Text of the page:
This article comes from Brittany, a college student and writer at the Savvy Student, a student blog. Brittany is a newcomer here on Credit Card Chaser.

Girl College StudentThe history of my finances is at the level of a novice. With part-time jobs I have earned consistent wages, my work experience ranging from working in a bagel shop, to filing real estate referrals, appraisals and forms, to writing articles. I’m a college student who has not yet understood what it means to be in credit card debt, on the verge of a credit card payment, proving a lack of worthiness in terms of how credit savvy I am.

But I have questions, so many questions. And I would think it valuable as a credit card specialist, or a professional in any area, to take into account the questions and uncertainties of a younger generation who are unaware of much in that particular profession. I am a slightly above average student, I would say I have a good idea of how the world functions. But credit is something I am oblivious of. And I am certain that many students alike are oblivious to credit and their credit score as well. I need to understand the basics before I can play the game.

Whether you’re a parent, a brother, or an aunt, I think it is important to tell others about credit and what it means in the context of the world, if you yourself have even a general understanding of it. There are plenty of terms and graphs and numbers that books can teach, but they mean nothing unless it is practically correlated to the world and our role in it. Some of the different questions that I and others have are the following, which I’m sure can be easily answered, and if so will be greatly appreciated:

• What are the different types of credit I can attain?
• Why are there so many different credit cards that can be used to purchase different items? Won’t one credit card suffice for all of it?
• What does a credit report entail?
• How soon am I able to pay off my credit card bills after I make purchases?
• How late am I allowed to pay off my credit card bills?
• What will happen if I don’t pay off my bills soon enough?
• Why is it important to build up a credit score?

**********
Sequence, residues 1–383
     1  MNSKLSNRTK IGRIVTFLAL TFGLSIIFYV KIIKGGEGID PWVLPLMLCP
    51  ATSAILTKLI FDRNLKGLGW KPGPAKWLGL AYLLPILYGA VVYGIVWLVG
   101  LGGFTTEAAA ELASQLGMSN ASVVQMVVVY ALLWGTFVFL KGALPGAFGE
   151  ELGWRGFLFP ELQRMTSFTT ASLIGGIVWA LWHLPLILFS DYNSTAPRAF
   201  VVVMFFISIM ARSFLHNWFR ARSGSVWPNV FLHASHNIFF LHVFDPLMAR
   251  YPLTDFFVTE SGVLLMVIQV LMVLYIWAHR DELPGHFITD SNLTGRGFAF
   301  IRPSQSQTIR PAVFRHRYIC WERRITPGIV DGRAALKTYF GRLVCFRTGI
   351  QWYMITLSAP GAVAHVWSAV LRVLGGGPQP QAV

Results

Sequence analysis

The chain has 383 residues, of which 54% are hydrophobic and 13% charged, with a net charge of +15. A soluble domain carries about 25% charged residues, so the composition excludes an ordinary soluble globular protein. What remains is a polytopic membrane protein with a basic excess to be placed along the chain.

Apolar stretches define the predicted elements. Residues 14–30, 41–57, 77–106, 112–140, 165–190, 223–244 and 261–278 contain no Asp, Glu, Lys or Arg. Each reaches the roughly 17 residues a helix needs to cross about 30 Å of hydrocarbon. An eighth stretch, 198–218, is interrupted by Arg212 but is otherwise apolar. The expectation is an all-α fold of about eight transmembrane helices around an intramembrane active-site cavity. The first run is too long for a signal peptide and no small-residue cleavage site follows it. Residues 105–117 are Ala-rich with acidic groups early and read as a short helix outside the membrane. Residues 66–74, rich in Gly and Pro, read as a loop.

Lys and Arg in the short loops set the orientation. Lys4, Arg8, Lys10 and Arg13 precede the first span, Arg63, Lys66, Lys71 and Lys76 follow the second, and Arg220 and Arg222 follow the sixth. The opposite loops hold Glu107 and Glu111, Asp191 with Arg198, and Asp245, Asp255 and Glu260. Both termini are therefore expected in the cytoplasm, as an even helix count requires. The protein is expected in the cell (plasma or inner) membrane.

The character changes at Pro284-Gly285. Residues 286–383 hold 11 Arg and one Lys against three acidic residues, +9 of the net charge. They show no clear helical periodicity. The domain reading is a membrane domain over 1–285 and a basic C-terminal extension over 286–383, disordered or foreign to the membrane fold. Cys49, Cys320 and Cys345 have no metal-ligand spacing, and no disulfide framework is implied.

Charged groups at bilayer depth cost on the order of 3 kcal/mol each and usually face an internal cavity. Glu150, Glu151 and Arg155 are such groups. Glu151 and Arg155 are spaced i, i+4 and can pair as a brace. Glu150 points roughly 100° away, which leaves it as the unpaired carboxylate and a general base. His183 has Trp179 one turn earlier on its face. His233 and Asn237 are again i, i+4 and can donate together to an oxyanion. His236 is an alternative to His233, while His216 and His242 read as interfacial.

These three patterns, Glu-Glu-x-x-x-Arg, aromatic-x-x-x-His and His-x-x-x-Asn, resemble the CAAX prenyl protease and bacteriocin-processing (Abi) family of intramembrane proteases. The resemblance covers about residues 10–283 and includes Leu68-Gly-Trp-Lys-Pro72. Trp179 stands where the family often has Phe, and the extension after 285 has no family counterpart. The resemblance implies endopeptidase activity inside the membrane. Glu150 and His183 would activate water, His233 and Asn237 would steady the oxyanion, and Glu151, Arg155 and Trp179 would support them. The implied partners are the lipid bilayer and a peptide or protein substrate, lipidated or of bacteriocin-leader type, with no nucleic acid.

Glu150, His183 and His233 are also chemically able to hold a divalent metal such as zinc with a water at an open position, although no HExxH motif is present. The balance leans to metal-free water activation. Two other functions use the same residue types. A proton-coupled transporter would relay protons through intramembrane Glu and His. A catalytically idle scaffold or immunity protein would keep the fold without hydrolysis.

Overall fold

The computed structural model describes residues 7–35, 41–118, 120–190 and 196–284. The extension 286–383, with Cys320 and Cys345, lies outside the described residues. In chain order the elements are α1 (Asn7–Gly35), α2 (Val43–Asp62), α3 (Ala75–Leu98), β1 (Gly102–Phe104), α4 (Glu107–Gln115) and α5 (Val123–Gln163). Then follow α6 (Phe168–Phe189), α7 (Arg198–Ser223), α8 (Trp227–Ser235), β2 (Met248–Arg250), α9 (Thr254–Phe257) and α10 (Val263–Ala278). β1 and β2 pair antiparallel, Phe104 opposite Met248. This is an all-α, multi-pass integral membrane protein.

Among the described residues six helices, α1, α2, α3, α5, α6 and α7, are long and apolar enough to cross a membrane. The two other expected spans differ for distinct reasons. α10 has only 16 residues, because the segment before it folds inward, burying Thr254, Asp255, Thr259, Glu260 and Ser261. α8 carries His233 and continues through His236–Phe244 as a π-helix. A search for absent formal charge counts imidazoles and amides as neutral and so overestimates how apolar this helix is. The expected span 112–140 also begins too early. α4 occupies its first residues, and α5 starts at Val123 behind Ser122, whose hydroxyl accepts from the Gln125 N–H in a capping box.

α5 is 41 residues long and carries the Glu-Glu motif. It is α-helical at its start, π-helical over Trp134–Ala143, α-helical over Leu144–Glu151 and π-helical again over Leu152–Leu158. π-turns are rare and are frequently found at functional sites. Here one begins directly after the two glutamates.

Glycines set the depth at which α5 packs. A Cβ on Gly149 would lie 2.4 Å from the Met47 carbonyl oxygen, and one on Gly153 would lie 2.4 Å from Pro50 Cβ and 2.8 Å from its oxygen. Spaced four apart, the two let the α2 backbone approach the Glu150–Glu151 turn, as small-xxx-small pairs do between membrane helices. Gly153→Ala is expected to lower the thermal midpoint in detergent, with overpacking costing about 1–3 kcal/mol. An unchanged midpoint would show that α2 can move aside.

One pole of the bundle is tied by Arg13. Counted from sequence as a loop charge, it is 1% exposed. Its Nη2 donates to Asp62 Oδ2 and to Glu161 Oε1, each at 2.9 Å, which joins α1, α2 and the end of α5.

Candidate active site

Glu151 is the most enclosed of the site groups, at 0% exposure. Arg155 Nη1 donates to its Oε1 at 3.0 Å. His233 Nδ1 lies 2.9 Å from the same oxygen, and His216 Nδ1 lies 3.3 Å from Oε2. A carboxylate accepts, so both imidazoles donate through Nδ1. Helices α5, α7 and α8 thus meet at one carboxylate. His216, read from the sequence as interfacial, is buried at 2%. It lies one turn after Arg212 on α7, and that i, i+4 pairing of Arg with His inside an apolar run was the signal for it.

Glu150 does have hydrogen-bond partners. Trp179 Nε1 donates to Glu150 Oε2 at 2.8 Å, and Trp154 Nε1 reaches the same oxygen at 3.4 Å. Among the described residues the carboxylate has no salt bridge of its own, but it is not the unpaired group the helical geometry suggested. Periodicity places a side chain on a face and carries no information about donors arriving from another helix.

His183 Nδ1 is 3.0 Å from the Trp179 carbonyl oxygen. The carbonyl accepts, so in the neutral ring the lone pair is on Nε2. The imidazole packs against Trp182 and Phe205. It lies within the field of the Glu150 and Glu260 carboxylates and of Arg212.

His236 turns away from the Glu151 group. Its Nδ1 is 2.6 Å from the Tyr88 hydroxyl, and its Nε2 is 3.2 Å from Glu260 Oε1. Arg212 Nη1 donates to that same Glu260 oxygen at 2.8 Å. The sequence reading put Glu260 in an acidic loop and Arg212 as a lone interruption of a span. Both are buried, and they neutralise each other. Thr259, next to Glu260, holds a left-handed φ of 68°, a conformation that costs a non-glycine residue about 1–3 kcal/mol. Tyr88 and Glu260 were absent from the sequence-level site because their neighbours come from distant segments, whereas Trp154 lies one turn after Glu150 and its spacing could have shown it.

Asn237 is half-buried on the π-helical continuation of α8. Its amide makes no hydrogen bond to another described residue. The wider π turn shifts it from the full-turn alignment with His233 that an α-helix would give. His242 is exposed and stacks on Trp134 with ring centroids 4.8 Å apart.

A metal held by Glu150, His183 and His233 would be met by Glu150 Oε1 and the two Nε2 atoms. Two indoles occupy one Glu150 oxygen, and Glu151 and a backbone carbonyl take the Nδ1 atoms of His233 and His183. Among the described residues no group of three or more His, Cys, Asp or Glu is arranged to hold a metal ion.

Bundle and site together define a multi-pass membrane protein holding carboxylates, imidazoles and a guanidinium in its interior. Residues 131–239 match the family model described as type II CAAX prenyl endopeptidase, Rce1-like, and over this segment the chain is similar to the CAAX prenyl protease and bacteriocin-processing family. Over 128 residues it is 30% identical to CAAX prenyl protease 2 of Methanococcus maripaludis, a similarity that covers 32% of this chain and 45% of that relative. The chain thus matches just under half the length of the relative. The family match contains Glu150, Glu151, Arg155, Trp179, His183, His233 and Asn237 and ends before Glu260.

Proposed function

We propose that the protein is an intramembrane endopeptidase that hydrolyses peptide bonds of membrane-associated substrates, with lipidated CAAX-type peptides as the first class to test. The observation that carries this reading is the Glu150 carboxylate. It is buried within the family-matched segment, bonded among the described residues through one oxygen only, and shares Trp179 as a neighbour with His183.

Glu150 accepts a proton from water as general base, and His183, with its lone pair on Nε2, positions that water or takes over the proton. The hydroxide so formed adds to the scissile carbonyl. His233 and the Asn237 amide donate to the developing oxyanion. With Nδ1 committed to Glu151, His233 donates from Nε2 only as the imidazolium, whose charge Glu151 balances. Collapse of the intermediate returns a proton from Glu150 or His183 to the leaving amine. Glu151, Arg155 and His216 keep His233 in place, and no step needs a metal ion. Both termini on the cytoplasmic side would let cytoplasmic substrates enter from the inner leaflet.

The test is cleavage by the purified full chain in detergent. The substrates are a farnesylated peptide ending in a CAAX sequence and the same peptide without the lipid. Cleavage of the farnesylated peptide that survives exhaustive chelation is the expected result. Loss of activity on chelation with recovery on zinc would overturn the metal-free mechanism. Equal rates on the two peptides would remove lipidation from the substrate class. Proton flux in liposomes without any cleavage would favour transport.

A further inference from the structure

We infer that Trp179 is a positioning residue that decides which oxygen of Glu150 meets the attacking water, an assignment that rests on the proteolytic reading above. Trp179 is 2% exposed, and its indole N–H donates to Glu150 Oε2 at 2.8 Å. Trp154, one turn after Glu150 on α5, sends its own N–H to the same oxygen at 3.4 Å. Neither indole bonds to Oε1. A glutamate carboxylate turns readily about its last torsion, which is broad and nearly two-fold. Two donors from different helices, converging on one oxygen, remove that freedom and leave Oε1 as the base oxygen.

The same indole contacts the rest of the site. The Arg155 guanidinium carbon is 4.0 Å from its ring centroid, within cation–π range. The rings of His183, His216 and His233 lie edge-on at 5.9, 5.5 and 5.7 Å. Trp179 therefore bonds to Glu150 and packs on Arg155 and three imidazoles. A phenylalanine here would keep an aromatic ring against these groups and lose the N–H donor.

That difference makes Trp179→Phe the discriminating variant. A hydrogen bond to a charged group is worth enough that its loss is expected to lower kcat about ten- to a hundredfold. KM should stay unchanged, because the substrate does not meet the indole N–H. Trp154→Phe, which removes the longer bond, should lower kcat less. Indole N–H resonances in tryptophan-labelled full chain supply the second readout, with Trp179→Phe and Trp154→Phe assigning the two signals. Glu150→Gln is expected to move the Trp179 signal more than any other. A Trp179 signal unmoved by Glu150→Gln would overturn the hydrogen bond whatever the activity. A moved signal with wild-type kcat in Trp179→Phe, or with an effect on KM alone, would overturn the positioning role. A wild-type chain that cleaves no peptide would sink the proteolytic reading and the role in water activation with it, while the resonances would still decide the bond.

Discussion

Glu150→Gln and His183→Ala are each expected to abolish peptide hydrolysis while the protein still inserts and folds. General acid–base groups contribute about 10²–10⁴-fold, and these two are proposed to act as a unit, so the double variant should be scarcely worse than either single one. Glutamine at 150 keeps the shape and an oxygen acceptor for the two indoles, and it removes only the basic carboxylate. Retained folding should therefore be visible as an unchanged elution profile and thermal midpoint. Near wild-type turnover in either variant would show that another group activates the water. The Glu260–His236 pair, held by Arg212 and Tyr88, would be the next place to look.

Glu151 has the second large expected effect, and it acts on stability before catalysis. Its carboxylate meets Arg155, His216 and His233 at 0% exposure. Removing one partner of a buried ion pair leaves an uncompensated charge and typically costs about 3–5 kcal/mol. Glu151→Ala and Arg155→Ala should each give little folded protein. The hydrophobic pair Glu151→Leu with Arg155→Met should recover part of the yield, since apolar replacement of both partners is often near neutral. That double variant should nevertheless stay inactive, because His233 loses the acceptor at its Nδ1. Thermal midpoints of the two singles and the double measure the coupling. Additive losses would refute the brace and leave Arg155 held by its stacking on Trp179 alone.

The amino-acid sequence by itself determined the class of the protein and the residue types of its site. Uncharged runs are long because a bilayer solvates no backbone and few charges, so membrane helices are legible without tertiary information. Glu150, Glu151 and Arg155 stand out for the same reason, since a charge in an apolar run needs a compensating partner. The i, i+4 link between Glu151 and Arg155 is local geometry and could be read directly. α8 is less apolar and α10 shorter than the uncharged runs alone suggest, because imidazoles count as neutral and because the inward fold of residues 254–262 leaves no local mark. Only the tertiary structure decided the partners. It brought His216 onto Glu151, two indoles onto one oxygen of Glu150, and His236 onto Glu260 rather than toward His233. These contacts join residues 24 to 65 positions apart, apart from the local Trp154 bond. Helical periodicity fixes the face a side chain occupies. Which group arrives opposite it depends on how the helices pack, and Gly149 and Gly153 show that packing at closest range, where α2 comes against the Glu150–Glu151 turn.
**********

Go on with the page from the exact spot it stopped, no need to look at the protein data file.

• What benefits does one receive with a good credit score?
• How do I establish good credit?
• Where should I start when trying to obtain a credit card?
• What are some good reasons for having a credit card?

These are questions that your siblings, children, nieces and nephews have, and you have the ability to let them know. If you could go back in time to know all you know now, would you? And what would you do differently? I think that this generation has the ability to quickly become informed easily through the internet, and the ipad, and the millions of different facets of this information-rich culture.

There is a blog for just about anything these days, on tons of different subjects. Each subject based on how to improve one’s life financially, physically, emotionally, etc. But learning through a family member or friend can be more helpful and more valuable. Teaching younger generations about this information is valuable to them because they will be more readily equipped for their future with finances.

If I was more aware of what a credit card could potentially do for me in my education and in my daily needs, I might have one. And from there I am assuming I would need to learn how to better manage my finances in terms of the money I make, which would lead me to making a budget. Having a budget would more easily allow me to keep track of the money that I spend and the constraints I have in spending and budgeting my money. Becoming more aware of credit and taking advantage of the rewards of a credit card would enable me to be more responsible because I would have a valid reason in keeping track of my finances.

The point I am making is that sharing knowledge of the practical things in life such as financial principles are so important and beneficial when learned early on. They have the potential to produce intelligent thinkers and well equipped businessmen and women.

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Brittany is a college student and a writer at SavvyStudent.com, a site that helps students discover ways to pay for their college education with private college loans and other resources. They also provide information regarding alternative ways to celebrate college, so students don’t have to think about private student loans.

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Disclaimer: This content is not provided or commissioned by American Express, Visa, MasterCard, Discover, or any other credit card company or issuer. The opinions expressed here are the author's alone, not those of any credit card company or issuer, and have not been reviewed, approved or otherwise endorsed by any credit card company or issuer. Credit Card Chaser may be compensated through various affiliate programs with advertisers. As always, Credit Card Chaser is an independent website commmitted to helping people research credit card offers and find the best credit card!

One Response to “Musings of a College Student With No Credit History”

  1. acquiring a student card can be a good start in building credit. You have to be more responsible financially and learn how to manage your finances wisely. You have to be responsible in paying off your liabilities with the banks to avoid debt problem and high interest rate.

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